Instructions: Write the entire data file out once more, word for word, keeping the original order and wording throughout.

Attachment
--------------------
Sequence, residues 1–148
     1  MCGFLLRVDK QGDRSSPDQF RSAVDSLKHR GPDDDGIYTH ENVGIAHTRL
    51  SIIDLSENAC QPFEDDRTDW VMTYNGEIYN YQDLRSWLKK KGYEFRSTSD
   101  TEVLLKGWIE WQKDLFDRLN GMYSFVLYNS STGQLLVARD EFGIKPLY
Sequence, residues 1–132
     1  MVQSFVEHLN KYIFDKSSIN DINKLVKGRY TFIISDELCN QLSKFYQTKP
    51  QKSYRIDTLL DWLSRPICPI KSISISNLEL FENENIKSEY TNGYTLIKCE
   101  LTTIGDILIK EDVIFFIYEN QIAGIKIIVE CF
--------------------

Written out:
Sequence, residues 1–148
     1  MCGFLLRVDK QGDRSSPDQF RSAVDSLKHR GPDDDGIYTH ENVGIAHTRL
    51  SIIDLSENAC QPFEDDRTDW VMTYNGEIYN YQDLRSWLKK KGYEFRSTSD
   101  TEVLLKGWIE WQKDLFDRLN GMYSFVLYNS STGQLLVARD EFGIKPLY
Sequence, residues 1–132
     1  MVQSFVEHLN KYIFDKSSIN DINKLVKGRY TFIISDELCN QLSKFYQTKP
    51  QKSYRIDTLL DWLSRPICPI KSISISNLEL FENENIKSEY TNGYTLIKCE
   101  LTTIGDILIK EDVIFFIYEN QIAGIKIIVE CF